1930's · Blog Post · Hairstyles

1930s Hairstyles

Woman Red Dress, Fashion Model in Retro Clothes Lace Collar
Woman Red Dress, Fashion Model in Retro Clothes Lace Collar

While searching for information, I came across a wonderful website filled with fashion and style in the 1930’s – Fashion Gone Rogue. I will be using the PRESS THIS button to share their research into the 1930’s and other eras.

When I chose the model for my cover off to the left (yes, I licensed the use from iStockPhoto.com), I thought that her long hair style with the barrel curls, middle part, and upswept hair at her temples closely matched the time period. I will admit, it’s probably closer to the late thirties – early forties.   Isabella’s story starts in her late teens in 1934, and the dress was definitely an eye-catching addition that gave me the idea for red dresses on all my covers.

Below is a link to Fashion Gone Rogue,  along with a few pictures I’ve carried over from the website.  Enjoy as you take a look at the hairstyles.  Waves, curls, and center parts were common.  Actually, these styles appear invitingly soft, framing the beautiful faces.

From Fashion Gone Rogue – Follow the Link for More

In the 1930s, the major trends for hairstyles were all about waves. With a softer look than the sleek bob and tight ringlets of the 1920s, women began wearing their hair in more feminine styles with parts sweeping to the side or down the middle. At the beginning of the decade, short hair still reigned …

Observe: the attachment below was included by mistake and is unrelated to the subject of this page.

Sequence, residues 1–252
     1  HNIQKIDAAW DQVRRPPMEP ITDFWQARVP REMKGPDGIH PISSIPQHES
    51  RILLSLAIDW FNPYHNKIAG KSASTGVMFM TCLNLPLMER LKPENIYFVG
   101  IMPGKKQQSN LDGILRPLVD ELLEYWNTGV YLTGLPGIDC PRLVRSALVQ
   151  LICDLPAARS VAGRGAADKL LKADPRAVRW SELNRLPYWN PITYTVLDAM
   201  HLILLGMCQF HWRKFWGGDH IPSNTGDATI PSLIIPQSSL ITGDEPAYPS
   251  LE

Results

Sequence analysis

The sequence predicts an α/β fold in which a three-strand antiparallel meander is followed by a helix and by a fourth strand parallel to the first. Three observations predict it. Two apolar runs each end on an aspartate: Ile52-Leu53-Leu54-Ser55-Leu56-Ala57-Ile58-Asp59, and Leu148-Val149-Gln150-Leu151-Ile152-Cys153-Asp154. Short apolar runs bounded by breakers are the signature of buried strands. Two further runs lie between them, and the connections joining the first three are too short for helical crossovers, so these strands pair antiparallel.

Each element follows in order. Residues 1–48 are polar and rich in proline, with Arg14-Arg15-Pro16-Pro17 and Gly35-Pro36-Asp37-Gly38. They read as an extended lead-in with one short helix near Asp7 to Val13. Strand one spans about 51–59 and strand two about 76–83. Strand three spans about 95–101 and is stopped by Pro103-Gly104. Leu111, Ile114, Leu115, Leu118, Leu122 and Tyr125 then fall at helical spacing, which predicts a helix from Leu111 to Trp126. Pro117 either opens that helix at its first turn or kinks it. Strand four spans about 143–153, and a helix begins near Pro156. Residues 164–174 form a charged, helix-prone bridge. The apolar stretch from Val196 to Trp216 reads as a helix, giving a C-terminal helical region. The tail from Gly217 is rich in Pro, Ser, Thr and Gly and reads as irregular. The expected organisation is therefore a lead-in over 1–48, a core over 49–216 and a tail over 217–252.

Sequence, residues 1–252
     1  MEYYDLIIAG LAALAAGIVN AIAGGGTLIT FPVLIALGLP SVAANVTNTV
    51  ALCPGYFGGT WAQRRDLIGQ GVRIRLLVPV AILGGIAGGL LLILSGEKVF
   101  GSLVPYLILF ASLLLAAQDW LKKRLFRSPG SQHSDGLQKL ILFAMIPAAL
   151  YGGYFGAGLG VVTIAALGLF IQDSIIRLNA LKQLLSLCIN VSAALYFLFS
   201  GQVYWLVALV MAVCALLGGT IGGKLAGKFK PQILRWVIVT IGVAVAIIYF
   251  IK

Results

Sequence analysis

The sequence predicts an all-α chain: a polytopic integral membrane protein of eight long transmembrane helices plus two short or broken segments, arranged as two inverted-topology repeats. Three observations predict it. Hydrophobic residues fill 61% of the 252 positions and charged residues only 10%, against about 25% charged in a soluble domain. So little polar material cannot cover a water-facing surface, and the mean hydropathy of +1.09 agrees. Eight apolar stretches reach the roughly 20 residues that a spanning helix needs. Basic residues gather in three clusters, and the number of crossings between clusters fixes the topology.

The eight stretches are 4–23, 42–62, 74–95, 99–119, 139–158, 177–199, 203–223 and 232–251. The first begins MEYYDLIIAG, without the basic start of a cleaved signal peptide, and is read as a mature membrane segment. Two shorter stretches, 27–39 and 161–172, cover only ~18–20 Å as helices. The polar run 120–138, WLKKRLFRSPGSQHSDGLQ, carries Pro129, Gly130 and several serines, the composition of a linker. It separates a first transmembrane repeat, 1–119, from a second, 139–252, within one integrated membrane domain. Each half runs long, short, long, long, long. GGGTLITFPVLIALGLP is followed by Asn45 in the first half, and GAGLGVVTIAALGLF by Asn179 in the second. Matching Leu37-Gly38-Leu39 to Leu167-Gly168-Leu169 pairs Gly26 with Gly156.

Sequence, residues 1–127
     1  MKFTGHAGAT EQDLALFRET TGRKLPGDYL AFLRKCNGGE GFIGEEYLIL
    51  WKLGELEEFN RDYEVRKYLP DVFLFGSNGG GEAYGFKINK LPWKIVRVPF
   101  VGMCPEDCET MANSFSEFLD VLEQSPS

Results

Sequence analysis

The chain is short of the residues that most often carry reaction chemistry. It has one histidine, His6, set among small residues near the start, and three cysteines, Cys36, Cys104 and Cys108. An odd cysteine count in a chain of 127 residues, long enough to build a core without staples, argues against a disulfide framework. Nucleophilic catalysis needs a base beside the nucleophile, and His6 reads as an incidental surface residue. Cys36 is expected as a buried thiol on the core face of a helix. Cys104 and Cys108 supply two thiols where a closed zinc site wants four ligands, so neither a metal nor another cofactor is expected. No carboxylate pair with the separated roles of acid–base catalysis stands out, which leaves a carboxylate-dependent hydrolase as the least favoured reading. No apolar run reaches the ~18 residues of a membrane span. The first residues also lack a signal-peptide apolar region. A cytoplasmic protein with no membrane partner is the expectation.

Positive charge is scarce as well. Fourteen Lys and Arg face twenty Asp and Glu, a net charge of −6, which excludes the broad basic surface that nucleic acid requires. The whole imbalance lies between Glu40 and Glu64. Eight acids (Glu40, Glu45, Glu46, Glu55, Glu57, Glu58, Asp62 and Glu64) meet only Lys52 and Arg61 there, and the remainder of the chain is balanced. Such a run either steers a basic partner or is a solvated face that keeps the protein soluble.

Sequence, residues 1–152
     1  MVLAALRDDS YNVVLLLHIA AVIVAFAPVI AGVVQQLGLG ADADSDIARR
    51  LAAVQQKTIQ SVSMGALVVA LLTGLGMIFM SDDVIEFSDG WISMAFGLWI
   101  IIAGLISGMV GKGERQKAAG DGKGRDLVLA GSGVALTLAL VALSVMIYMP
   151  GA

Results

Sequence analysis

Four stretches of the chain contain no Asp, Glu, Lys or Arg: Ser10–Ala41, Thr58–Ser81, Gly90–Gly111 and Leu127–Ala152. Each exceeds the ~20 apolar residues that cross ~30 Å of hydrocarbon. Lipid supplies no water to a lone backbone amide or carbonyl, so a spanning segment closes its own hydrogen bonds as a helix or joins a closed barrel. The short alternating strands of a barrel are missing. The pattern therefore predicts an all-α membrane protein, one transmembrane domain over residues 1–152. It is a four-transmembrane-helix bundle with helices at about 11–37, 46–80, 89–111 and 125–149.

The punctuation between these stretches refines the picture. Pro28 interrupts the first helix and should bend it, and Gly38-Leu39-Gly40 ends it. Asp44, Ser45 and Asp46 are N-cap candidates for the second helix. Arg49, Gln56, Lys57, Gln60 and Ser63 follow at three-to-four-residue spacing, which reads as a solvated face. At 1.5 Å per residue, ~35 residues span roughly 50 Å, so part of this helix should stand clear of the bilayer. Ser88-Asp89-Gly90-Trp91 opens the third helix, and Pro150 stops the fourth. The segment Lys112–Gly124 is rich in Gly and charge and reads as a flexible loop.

Source: 1930s Hairstyles: Elegant Waves for Women

All my best,


Blog Post · Lady Isbella

1930’s and Fallen Women

Are there fallen women in every era? Well, since I’ve written mostly in the Victorian era and a little bit into the Edwardian, I thought that I would stretch myself both forward and backward in time. I’ve not visited the Regency era, because I haven’t studied it much (though I’ve read my share of Austen books).

As far as the 1930’s, and 1940’s, you can say I have a fascination mainly because those were the years my mother became a young woman.  She turned eighteen in 1930.  Her marriage to my father in 1940 had been her second time to the altar.  My mother lived until she was eighty-seven years old and never once told me that she had been married and divorced before she married my father.  The news came to me from my brother, and I recently confirmed it through my ancestral research finding the marriage certificate from 1935.  She was twenty-two when they wed.  Did she think it a scandal that should be kept secret from me because she divorced?  Frankly, I will never know.

Of course, every era has its view on courtship and marriage rituals.  They have evolved as the hemlines have risen and women dared to show their ankles to men.  What was considered scandalous in the early nineteenth century certainly wasn’t considered as risque in the 1930’s. Nevertheless, sex before marriage, out-of-wedlock pregnancies, divorce, and adultery all carry connotations of women who have missed the mark of perfection. The female who falls from morality’s heights is coined “fallen.” Men, on the other hand, are merely rogues who go on with their lives, for the most part, unscathed or perhaps to be avoided.   In my Google search of scandalous behavior in 1930’s England, King Edward VIII’s lifestyle shares in the results.  Even men partook in scandalous behavior in high society, making history.